Frog Luck, Bringing Changes and Abundance to Life
When a lucky frog comes into your life that’s a sign of transformation, and it may well spark many wonderful changes!
The frog has been a strong good luck symbol in many cultures all around the world, and throughout history.
Just like people, the frog undergoes incredible changes in its journey to adulthood. It first hatches from an egg into a wiggly fish-like tadpole, then it begins growing arms and legs and its tail recedes. With this curious growth cycle, frogs are seen as a lucky symbol of transformation, fertility, and the awakening of one’s creativity. They also represent save travel, abundance, wealth, prosperity, health and friendship.
Frogs as good-luck symbols
I really like frogs, but when you think about what a frog is… it’s a cold blooded amphibian. It lives mostly in a watery or humid environment, though there are some exceptions in toads, and it can lay a many eggs at one time. Great for reproduction! Thus the frog became a symbol for fertility, and safe travel as well. Here’s some of what’s attributed to the frog as a bearer of good fortune:
- Good Luck
In Japan frogs are a symbol of Good Luck, and the Romans believed that to have a frog would bring good luck into the home. The Irish on the other hand, consider the frog as a close relative of the leprechaun, and thus very capable of playing tricks on you.
The Greeks and Romans both associated frogs with fertility and harmony. To the Egyptians the frog is a symbol of life and fertility, as well as rebirth or resurrection. The frog was a creature born of the annual flooding of the Nile, which in turn made the otherwise barren lands fertile. Thus the frog-goddess of Fertility named Heget (meaning frog), came into their culture and mythology. In the Roman culture, the goddess Venus was also often depicted with a frog.
Partly due to the very large number of eggs that a frog will lay, it became a symbol of abundance as well. For many cultures that depend on rain for rich and bountiful crops the frog is a good luck symbol, a sign of prosperous weather to come. In Native American tradition the frog is often seen as a rain maker. In Australia too, the native Aborigines believed frogs brought the thunder and rain to help plants to grow. To the Vietnamese the toad is the “uncle of the Sky”, and an ancient story tells that it will rain whenever toads grind their teeth.
In ancient China the frog represented the lunar yin and the Frog spirit Ch’ing-Wa Sheng was associated with healing and good fortune in business. Tradition has it that the Chinese god of wealth, the immortal Liu Hai, kept a three-legged toad as a pet. It is a symbol for riches and often pictured with a gold coin in its mouth.
In Native American culture, the frog is seen as a spirit animal or totem that is strongly associated with the water element and its cleansing attributes. This water connection brings emotions and feminine energies, but also cleanses physically, emotionally, and spiritually.
In folklore the first frog of spring is said to bring you many friends if it does a “hop toad” jump in your direction.
Frogs as bad-luck symbols
Although frogs and toads are mostly considered lucky, there are a few examples where they represent bad fortune. One of my favorites is the common old wives tale that says handling a toad will result in getting warts. This is believed to have originated from the toad’s bumpy skin making it appear like it has warts on it.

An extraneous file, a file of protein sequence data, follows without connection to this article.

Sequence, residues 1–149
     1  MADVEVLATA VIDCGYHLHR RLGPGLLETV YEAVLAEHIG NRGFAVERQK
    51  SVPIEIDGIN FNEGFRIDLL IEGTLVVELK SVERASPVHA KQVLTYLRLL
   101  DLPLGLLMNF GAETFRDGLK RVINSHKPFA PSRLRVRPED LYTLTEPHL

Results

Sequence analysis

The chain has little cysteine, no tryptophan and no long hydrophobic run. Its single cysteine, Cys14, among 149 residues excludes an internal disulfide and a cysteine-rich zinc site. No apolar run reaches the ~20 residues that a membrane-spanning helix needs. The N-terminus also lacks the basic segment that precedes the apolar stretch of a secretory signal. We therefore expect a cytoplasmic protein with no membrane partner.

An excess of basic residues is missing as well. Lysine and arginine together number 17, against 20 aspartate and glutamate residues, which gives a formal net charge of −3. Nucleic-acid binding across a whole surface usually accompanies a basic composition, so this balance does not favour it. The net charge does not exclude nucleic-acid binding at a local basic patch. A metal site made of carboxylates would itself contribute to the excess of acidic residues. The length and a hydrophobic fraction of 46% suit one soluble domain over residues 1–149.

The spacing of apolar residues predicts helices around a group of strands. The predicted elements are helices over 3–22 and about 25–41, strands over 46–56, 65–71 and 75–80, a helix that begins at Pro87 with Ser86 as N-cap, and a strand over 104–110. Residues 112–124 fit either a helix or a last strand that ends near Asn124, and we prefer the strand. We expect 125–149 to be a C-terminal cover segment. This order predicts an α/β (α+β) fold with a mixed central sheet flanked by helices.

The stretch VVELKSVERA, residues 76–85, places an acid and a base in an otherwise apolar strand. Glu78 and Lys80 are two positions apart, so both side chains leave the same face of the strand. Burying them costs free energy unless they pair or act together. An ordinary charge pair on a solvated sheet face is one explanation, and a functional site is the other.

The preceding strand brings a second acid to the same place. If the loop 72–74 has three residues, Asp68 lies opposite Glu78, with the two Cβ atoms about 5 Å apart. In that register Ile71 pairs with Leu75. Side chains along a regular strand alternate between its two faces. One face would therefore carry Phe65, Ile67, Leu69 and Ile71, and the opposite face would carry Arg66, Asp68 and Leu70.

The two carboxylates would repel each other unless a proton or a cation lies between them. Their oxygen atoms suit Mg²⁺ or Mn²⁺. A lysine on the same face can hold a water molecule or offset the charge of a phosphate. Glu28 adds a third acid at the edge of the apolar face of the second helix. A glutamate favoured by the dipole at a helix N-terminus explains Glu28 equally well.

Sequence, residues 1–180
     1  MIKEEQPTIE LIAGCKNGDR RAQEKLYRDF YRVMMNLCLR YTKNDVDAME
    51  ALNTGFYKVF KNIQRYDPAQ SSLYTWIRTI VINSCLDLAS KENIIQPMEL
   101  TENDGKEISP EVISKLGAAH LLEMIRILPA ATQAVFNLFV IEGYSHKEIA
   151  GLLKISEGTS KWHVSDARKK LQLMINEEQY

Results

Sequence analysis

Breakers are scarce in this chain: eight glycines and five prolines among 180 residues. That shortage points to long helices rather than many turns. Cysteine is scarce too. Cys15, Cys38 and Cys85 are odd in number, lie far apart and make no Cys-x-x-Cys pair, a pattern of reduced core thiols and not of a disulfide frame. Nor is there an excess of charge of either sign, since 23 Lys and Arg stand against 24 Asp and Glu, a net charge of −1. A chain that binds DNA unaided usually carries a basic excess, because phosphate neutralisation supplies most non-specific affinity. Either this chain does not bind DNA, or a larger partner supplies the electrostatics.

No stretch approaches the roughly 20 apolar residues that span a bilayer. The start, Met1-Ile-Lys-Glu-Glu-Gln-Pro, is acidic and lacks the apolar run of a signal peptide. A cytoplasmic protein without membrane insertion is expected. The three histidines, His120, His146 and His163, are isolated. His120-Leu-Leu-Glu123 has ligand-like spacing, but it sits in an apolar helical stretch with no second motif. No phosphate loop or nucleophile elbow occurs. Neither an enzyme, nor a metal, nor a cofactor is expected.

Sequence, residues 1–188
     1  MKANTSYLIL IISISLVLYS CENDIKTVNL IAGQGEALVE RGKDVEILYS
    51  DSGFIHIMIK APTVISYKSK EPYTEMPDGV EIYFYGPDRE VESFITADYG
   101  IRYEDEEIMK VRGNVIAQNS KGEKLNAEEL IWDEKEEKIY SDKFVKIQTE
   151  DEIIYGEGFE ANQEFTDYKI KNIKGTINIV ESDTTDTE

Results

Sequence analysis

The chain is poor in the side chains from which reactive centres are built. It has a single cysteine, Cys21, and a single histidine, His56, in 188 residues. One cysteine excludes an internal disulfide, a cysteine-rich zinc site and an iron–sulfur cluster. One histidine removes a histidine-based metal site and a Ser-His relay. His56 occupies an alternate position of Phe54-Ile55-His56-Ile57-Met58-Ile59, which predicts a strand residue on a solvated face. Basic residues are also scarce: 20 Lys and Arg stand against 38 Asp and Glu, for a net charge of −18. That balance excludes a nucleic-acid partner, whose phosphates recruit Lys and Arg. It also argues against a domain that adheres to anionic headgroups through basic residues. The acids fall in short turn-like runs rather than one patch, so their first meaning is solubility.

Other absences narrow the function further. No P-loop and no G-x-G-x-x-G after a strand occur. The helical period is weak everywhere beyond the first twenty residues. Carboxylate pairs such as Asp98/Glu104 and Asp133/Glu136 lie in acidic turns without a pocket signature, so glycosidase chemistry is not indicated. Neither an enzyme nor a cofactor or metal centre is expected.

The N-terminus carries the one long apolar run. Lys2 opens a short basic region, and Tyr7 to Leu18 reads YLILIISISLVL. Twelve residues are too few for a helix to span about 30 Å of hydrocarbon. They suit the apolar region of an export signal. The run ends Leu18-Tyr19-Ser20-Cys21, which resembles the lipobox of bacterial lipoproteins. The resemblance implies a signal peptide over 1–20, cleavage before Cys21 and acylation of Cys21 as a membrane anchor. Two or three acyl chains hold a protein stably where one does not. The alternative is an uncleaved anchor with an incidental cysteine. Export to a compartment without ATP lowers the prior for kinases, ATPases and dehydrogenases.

Bad fortune is depicted in folklore regarding the first frog of spring. “If the first frog that you see in the spring is sitting on dry ground, it signifies that during the same year you will shed as many tears as the frog would require to swim away in.” Further, if that frog leaps into the water you’ll have misfortune fortune all year, or if it leaps away from you, you will lose friends. In ancient China, a frog in a well is symbolic of a person lacking in understanding and vision.
Frogs in Culture
Though frogs are often thought of as a symbol of luck, and mostly good luck though sometimes bad, they are also featured prominently in many cultures. They have been found throughout the ages in myths, folklore, and fairytales and they are still found today. In popular culture frogs and toads have many appearances, but the tendency is to depict them as kind, often handsome and charming, but with an underlying mysteriousness.
- Children’s stories
Some popular stories for children include an early fairy tale, “The Frog Prince,” originally featured in Grimm’s Fairy Tale Classics and then later translated into English by Edgar TAylor. Then there’s Mr. Toad from Kenneth Graeme’s “The Wind in the Willows” and Tiddalik the frog, a legend in the mythology of Indigenous Australians.
- Television and Movies
In the television and movie world, Kermit the Frog appeared in 1995 and became the most famous of Jim Henson’s Muppets. He became even more famous in 1979 as the star of “The Muppet Movie”. Looney Tunes Michigan J. Frog first appeared in 1955 in “One Froggy Evening”. Wearing a top hat and carrying a cane, he happily sings ragtime and other tunes.
A highly favored advertisement was the 1995 Budweiser commercial for Super Bowl XXIX, which featured three large, deep-voiced bullfrogs. They toads were sitting on rocks in a stream in front of a tavern, making a chorus of “Bud,” “Weis,” and “Er.”
In the music world there was Jeremiah, a bullfrog, as the star in the song “Joy to the World,” written by Hoyt Axton and released by Three Dog Night in 1979.
So frogs have long influenced people and there’s the good, and just a touch of bad, in the world of frog luck. Beyond the joy of keeping frogs as pets, they could very well bring changes and abundance into your life!
Clarice Brough is a team member at Animal-World and has contributed many articles and write-ups.